SINT MAARTEN/CURACAO - In the event of future emergencies, inter-island cooperation regarding the protection of children is important to reduce the risks of children becoming victims of neglect, violence, exploitation and abuse.
This was the consensus at the two-day meeting between representatives from the six Dutch Caribbean islands. During the meeting the representatives drafted inter-island protocols on evacuation and care of (separated) children in disaster situations.
UNICEF Netherlands and the Sint Maarten Court of Guardianship hosted the meeting last week on Curaçao. Attending the meeting were representatives from the Court of Guardianship, the social sector in the disaster management structure and the disaster management coordinator - from each of the six Dutch Caribbean islands.
Mrs. Richelda Rodriguez Emmanuel (Director Court of Guardianship), Ms. Joy Arnell (Coordinator of the Emergency Support Function 7) and Mr. Paul Martens (Disaster Management Coordinator) represented Sint Maarten at the meeting.
Attendees at the meeting discussed inter-island cooperation with regard to strengthening child protection across the Dutch Caribbean territories in the event of future disasters.
“Although it is customary in the region, there are risks involved in sending children off island without their primary caregiver during emergencies. Children are vulnerable to falling into the wrong hands or experience hardship being away from home.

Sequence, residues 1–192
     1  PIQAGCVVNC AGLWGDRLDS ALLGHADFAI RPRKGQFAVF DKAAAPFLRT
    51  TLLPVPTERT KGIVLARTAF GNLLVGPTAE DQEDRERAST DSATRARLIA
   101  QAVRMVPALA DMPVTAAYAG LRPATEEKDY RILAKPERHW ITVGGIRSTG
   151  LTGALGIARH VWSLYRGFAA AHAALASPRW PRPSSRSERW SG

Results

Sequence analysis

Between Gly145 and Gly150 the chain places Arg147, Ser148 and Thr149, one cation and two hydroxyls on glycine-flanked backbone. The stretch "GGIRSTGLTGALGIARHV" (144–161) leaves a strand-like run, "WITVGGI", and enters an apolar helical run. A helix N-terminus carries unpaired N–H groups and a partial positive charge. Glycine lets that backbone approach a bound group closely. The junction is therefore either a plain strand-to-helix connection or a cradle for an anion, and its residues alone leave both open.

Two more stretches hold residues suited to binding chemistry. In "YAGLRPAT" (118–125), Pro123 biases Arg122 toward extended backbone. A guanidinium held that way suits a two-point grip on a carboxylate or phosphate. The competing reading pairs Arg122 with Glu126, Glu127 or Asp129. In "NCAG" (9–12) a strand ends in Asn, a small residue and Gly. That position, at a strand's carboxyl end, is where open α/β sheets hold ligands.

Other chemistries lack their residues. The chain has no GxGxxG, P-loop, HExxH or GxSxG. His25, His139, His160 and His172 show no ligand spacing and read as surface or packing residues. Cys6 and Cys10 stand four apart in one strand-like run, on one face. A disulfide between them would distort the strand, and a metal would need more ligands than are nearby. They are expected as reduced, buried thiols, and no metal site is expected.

“It is important to have harmonised arrangements between the islands about registration, legal guardianship and access to services, such as education, when a child has been evacuated,” says Anna Kroon, child protection specialist with UNICEF Netherlands.
The various stakeholders shared their experiences within their role related to Hurricane Irma, identified possible areas of cooperation, and made draft inter-island agreements on how best to cooperate between islands in future emergencies to ensure that children are protected from neglect, violence, exploitation and abuse in times of emergencies.
During the meeting, other responsible stakeholders in the emergency evacuation processes involving children were also identified and follow-up consultations with these stakeholders will be planned.
After hurricane Irma, UNICEF Netherlands was formally invited by the Government of St. Maarten to conduct post-disaster needs assessments in the areas of education and child protection from a children’s rights perspective.
Similar assessments were also conducted on St. Eustatius and Saba. The child protection assessments revealed that voluntary evacuations to the other five Dutch Caribbean islands and beyond began before and continued after the hurricane hit with limited procedures in place to register children, assess adults traveling with them, or collect contact information from Sint Maarten or their destination.
The child protection assessments and later meetings on Curaçao, Aruba, and Bonaire held in March this year, revealed that while family unity is one of the highest priority protection concerns, professionals involved in the disaster response desired increased knowledge about the risks associated with family separation and welcomed related inter-island cooperation in the event of future emergency situations.
During the course of this year, UNICEF has supported the Court of Guardianship on St. Maarten with organizing a Child Protection in Emergencies Training to mainstream child protection across St. Maarten’s disaster management system and supported development of the Court of Guardianship’s Disaster Preparedness Plan and a draft Inter-island Protocol to be further discussed and developed with relevant stakeholders.
This work forms a part of UNICEF Netherlands’ recovery project funded by the Dutch Red Cross.